Five rules to break for a better body
Q I’ve tried everything yet I have never achieved a textbook body transformation. What am I doing wrong?
A Collins dictionary defines transformation as “a change or alteration, especially a radical one”. Radical change, whether in society or in your body, requires a radical overhaul of how things are done. Half-hearted effort equals half-hearted results equals status quo.
Unthink everything you have thought regarding body transformations. The accepted rules of a radical change in your body are nothing more than bro-science. Let’s work through them one by one.
● Accepted rule one: Tell people about your goal so that they hold you accountable. Don’t. It turns you into one of those irritating people who think they’ve only exercised if they share it on Facebook.
Trust me, I know how annoying it is because I get a Facebook memory almost every day of my younger self posting embarrassing gym memes and in-gym photographs. Surprise, surprise, I never achieved anything then. There’s only one person who can hold you accountable, and that’s yourself.
● Accepted rule two: Rush out and buy all the supplements you can afford. Don’t. This was probably started by those threemonth body transformation challenges run by supplement companies. To enter, you had to buy the full stack of powders and pose with a newspaper to “prove the date”.
Yes, I have a seminude photo of myself holding up a Business Day in 2008. My former editors would be horrified.
I didn’t finish the challenge. I didn’t take the “after photo” and I didn’t finish the supplements. Don’t misinterpret this, supplements are good and have a place. And you most likely should be supporting your diet and training but don’t think that they will do the work for you.
● Accepted rule three: Weigh your food. Don’t. Besides being an utter waste of time, it makes you impossible to live with. Unless you are already in good shape and have decided to cross over into the dark arts of bodybuilding competition, or unless you are an elite athlete seeking to break a world record, you don’t need to weigh your food.
Practice mindful eating. Learn about macronutrients and what your body needs. Understand which food types pack the most calories and definitely research what empty calories are — yes, your Jack Black draught is the poster boy of empty calories. Rather be mindful than develop a toxic relationship with food.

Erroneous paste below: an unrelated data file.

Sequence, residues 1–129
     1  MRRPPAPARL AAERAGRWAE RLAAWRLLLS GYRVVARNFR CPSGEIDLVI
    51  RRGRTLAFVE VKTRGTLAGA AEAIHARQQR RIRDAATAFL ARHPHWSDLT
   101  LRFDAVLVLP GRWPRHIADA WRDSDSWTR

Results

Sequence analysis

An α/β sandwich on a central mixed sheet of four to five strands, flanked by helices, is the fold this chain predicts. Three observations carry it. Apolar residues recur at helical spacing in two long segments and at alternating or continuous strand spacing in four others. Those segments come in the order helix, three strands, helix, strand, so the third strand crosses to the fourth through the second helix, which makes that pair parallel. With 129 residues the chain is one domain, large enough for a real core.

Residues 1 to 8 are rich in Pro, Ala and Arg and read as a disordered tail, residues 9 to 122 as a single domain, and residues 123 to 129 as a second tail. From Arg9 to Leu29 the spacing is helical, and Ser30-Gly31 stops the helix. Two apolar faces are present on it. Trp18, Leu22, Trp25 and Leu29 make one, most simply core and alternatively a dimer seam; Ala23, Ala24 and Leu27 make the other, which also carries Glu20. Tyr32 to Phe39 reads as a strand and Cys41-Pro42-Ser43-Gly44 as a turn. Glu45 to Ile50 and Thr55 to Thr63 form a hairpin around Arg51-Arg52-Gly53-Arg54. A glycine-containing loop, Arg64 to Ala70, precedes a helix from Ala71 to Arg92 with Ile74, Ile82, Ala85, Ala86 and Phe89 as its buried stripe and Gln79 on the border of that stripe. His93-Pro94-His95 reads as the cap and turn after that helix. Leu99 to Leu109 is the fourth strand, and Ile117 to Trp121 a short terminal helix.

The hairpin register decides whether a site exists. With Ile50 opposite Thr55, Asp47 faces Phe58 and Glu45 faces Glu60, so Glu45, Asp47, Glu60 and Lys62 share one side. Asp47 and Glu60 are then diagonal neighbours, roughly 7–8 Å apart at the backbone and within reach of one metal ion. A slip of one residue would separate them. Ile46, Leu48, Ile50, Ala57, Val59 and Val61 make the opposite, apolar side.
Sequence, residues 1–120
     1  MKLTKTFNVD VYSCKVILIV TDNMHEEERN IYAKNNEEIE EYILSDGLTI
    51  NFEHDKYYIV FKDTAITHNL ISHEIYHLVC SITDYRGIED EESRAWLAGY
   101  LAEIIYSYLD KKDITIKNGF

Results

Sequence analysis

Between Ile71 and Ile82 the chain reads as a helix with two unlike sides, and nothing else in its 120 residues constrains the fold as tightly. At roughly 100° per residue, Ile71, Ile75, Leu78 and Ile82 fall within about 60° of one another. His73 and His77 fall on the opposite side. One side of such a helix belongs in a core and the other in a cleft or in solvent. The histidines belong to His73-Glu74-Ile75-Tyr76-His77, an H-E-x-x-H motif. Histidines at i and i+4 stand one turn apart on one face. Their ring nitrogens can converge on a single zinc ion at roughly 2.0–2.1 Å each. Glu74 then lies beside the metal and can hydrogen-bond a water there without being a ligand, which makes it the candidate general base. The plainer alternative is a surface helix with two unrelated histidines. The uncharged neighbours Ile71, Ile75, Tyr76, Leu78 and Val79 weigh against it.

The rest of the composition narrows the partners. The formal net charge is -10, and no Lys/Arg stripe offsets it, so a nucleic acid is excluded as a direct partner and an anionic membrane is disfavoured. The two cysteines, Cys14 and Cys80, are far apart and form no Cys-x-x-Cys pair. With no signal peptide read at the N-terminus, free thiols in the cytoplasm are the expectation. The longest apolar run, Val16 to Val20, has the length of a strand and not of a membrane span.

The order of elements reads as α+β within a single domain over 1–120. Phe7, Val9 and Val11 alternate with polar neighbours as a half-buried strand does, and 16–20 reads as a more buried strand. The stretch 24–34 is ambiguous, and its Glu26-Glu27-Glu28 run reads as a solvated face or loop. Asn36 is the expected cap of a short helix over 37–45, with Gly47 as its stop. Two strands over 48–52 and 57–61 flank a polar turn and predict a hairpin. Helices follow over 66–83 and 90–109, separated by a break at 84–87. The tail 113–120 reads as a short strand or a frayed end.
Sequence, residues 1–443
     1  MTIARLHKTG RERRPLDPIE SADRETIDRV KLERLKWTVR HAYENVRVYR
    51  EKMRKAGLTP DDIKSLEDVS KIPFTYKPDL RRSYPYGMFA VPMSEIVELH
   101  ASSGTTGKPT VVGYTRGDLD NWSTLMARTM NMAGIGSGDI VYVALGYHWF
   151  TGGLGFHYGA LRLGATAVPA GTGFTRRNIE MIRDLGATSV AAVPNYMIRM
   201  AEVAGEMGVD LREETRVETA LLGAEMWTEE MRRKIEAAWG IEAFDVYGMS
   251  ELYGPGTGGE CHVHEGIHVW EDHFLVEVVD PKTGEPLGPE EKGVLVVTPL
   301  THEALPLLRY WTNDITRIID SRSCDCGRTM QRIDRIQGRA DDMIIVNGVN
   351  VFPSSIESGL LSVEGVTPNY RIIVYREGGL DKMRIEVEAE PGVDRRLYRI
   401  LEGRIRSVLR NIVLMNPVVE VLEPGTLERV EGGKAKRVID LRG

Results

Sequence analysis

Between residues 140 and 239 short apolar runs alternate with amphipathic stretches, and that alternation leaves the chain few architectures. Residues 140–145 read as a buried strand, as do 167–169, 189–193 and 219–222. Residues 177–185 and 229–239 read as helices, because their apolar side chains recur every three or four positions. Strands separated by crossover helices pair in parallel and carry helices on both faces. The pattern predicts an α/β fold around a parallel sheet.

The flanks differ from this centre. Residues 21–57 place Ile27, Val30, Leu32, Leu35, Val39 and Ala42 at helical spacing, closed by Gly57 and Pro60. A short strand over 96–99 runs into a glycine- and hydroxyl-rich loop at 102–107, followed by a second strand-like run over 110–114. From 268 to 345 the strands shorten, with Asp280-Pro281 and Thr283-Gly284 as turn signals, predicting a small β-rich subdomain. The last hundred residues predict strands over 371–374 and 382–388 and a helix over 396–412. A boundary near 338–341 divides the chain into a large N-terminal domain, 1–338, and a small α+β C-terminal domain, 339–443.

● Accepted rule four: If you want to lose weight you need to spend your life on the treadmill and stationary bike. Don’t. Besides dying of boredom before you achieve your goal, you’re missing out on the secret weapon of exercise: strength.
Strength training does not “bulk you up”. How you eat bulks you up. Strength training, besides building muscle fibres, is crucial in a fat-loss programme.
Find purpose. It facilitates many metabolic events. The most exciting and easiest to understand is that muscle is expensive: the more muscle you have, the more calories your body must burn. Besides, people dipping their toes into training speak of “toning” and “definition” and “curves”. None of those are possible without training your muscles.
● Accepted rule five: Set a hard end-date so that you have something to aim towards. Don’t. This is probably the most important rule to turn the status quo on its head. Like a business wishing to do business with Millennials and Gen Zs (who will soon dominate all decisionmaking), you must find your purpose, and honour it, before you enjoy the profit.
What is your reason for embarking on a transformation? If you are honest with yourself — and only yourself — it will be the fire that wakes you up at 5am, forces you through a session when you’d rather watch Netflix and keeps you on track when malva pudding tests your sanity.
You must think long term. I’ve seen more people starve themselves and pump their bodies full of fat burners for three months to take an after photo — and then rebound — than I have seen people make a lasting change.
Your deeply personal reason will drive a lifestyle change and that’s the only way you’ll successfully, and sustainably, change your body.